How to Reduce Your Phone Usage So It Doesn’t Take over Your Life

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How to Reduce Phone Usage

It seems that it is time to make an effort to cut down our phone usage. Most Americans spend more than five hours a day staring at their smartphones.

If you are clocking the recommended eight hours of rest each evening, that means that almost one-third of your 16 waking hours is consumed by phone usage. This marks a 20 percent increase in mobile phone use since 2015, prompting many to question: Am I too obsessed with my smartphone?

The Center for Internet Addiction reports that technology addicts are more likely to suffer from conditions like depression, anxiety, sleep disturbances and social phobia. With tech addiction becoming a growing concern, it’s time to start curbing that internet habit, so here are several tips on how to reduce your phone usage.

Track Your Phone Usage

Though this step may seem counterintuitive, using your phone to track your phone use can help you to realize exactly how much time you spend using your phone, and how many your phone habits are insignificant wastes of time.

The app Checky allows you to track the number of times that you check your phone daily. The total number is often surprising, but knowing the average number of times you unlock and use your phone each day will give you a starting point to work backward from.

Simply being aware of the fact that there is a running tally going should cause you to pause and ask yourself if you really need to check Twitter yet again.

In addition to tracking the number of times you check your phone, it is also useful to know how long you spend on it at a time. The app Moment tracks the duration of specific tasks, like the length of time you spent on Facebook or the number of minutes spent texting.

After mapping out how often and for how long you use your phone, you can reduce your phone usage by setting restrictions on your personal smartphone habits.

Don’t Bring Your Phone into the Bed, Bath or Beyond

Most smartphone users take their phones with them everywhere, including into bed with them, but this habit causes several issues. First, using your phone as your alarm clock encourages phone dependency since it becomes the last thing you see at night and the first thing you set eyes on in the morning.

In fact, it is commonplace to begin scrolling through a newsfeed immediately after shutting off the alarm. Break the habit or sleeping and waking with your phone by either using an old school, freestanding alarm clock or by banning the phone from the bedroom altogether.

Another way to par down unnecessary phone usage is to also declare the bathroom a “phone free zone.” Granted, people spend a good amount of time in the restroom otherwise indisposed, but is dragging your cell phone along with you really necessary?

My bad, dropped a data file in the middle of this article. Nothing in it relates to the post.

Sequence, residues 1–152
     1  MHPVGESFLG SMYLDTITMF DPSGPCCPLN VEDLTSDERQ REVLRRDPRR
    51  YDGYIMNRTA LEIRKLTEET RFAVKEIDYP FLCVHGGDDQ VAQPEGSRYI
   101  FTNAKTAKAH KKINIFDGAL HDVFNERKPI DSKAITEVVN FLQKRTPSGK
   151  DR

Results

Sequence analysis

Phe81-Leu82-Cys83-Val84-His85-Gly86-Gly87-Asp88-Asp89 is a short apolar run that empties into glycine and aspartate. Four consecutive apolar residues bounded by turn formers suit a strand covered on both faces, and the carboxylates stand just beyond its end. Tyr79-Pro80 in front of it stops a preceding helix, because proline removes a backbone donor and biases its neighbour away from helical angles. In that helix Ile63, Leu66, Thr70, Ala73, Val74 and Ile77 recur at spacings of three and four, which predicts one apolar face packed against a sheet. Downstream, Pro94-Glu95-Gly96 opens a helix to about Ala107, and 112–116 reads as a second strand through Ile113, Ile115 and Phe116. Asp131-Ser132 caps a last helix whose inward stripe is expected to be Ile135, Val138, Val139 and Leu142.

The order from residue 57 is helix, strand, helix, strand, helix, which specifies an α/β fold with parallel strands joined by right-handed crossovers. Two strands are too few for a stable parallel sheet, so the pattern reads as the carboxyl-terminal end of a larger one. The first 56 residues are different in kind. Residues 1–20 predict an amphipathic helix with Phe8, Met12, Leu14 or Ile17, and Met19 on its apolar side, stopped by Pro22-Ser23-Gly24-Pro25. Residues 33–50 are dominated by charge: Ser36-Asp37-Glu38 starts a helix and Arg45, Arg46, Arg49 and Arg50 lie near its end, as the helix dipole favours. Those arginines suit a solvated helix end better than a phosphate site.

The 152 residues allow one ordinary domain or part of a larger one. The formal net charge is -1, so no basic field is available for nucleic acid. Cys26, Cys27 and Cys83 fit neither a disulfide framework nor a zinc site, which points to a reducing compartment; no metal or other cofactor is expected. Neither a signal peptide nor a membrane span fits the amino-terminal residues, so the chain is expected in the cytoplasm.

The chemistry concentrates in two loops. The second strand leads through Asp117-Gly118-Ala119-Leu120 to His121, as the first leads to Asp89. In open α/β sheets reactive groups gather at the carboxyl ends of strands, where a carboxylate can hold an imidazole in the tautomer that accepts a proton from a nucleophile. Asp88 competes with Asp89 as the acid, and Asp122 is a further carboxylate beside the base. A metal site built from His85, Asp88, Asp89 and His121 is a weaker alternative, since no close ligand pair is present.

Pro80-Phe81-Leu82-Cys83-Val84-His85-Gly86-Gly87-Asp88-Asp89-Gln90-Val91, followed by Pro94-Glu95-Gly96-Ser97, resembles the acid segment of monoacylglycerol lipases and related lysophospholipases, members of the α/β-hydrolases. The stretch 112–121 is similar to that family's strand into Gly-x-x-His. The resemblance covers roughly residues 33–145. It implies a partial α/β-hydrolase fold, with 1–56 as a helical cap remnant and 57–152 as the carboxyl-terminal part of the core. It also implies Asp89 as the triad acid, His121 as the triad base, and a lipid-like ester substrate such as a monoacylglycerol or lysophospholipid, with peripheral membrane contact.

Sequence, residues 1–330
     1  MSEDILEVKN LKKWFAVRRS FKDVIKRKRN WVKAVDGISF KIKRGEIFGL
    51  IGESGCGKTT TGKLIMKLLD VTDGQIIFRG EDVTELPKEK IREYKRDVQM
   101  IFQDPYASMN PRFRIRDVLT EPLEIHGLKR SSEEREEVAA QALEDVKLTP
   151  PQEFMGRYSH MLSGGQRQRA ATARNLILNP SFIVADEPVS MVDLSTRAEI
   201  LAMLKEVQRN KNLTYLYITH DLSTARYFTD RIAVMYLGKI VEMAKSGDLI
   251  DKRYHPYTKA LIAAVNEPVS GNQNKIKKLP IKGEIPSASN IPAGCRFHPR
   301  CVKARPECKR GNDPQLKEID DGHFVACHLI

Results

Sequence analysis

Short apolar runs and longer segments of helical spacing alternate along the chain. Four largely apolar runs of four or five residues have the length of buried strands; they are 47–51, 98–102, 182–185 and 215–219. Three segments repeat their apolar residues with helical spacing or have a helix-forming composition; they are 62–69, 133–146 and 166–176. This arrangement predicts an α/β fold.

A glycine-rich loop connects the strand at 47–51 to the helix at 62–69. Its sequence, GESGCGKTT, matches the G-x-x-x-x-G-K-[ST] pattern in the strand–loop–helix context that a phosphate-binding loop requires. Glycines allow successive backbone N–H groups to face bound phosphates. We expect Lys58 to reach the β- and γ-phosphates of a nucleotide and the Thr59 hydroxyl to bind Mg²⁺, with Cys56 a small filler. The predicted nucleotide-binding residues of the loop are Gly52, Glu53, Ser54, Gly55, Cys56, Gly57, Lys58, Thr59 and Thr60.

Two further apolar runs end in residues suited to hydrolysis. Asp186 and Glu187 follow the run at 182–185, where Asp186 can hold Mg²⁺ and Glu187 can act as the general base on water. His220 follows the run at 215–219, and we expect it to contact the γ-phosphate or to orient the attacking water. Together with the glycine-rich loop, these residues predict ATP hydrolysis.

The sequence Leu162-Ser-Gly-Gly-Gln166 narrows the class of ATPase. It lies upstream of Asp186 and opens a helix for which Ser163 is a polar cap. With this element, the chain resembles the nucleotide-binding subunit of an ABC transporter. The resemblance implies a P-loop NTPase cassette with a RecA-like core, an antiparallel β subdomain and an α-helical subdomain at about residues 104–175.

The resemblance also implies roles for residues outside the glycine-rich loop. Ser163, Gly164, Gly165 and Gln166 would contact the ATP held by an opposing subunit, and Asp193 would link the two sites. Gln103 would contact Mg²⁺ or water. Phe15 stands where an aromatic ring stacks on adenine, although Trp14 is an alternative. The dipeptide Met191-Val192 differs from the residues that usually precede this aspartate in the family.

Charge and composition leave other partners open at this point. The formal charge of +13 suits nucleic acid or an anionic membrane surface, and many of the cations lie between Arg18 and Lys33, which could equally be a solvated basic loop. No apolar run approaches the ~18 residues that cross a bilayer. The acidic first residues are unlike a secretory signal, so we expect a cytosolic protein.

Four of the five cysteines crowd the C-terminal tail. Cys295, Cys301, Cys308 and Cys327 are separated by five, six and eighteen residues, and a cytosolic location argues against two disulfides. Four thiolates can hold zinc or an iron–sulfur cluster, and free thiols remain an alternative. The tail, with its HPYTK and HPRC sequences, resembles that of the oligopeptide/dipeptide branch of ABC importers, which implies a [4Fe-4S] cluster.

The old fashioned way to pass the time in the commode has traditionally been to use a book or magazine, so returning to our roots in this regard could help you cut down on internet time as well as improve on sanitary practices. Put your phone down until after you’ve washed your hands.



Beyond the bedroom and bathroom, including the dining room on the list of rooms of which to leave your phone outside. If you are eating with others, traditionally it is considered rude to stare endlessly at your phone’s screen rather than grace them with your conversation. A bonus to making meal time internet-free is that it reduces the risk of a wine-soaked smartphone.

Do Use Do Not Disturb

The Do Not Disturb mode on your phone is one of the simplest strategies for cutting down on your phone usage. On Android phones, you have several Do Not Disturb options. You can choose to suppress all notifications, including phone calls and text messages, or you can allow calls and texts from starred contacts to come through. Another option is to set scheduled times to engage Do Not Disturb, maybe during certain hours when you should be asleep or when you’ve committed to eating with company.

To set Do Not Disturb options, swipe down on the notification pane and flip to the quick settings. The “Notifications” slot is indicated by a bell icon and when you select it, a separate panel will open. From here you can adjust the volume of notifications or enable Do Not Disturb, as well as set the schedule you prefer.

A basic Do Not Disturb setting only allows the user to block notifications, but the Android settings make it so the notifications are not blocked, they are just hidden until the user decides to see them. By breaking the habit of looking at your phone every single time it makes a sound, you will likely come to realize that most of those notifications are not pressing matters.

Technology addiction is a real and increasing condition. If you are like the average American, you may be quickly approaching an internet habit. By recognizing how often you use your phone, setting boundaries for your usage, you can break the hold of tech addiction before the possible consequences can take effect.

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By | 2017-09-11T23:42:54+00:00 September 11th, 2017|Categories: Lifestyle, Science & Technology|Tags: , , , |0 Comments

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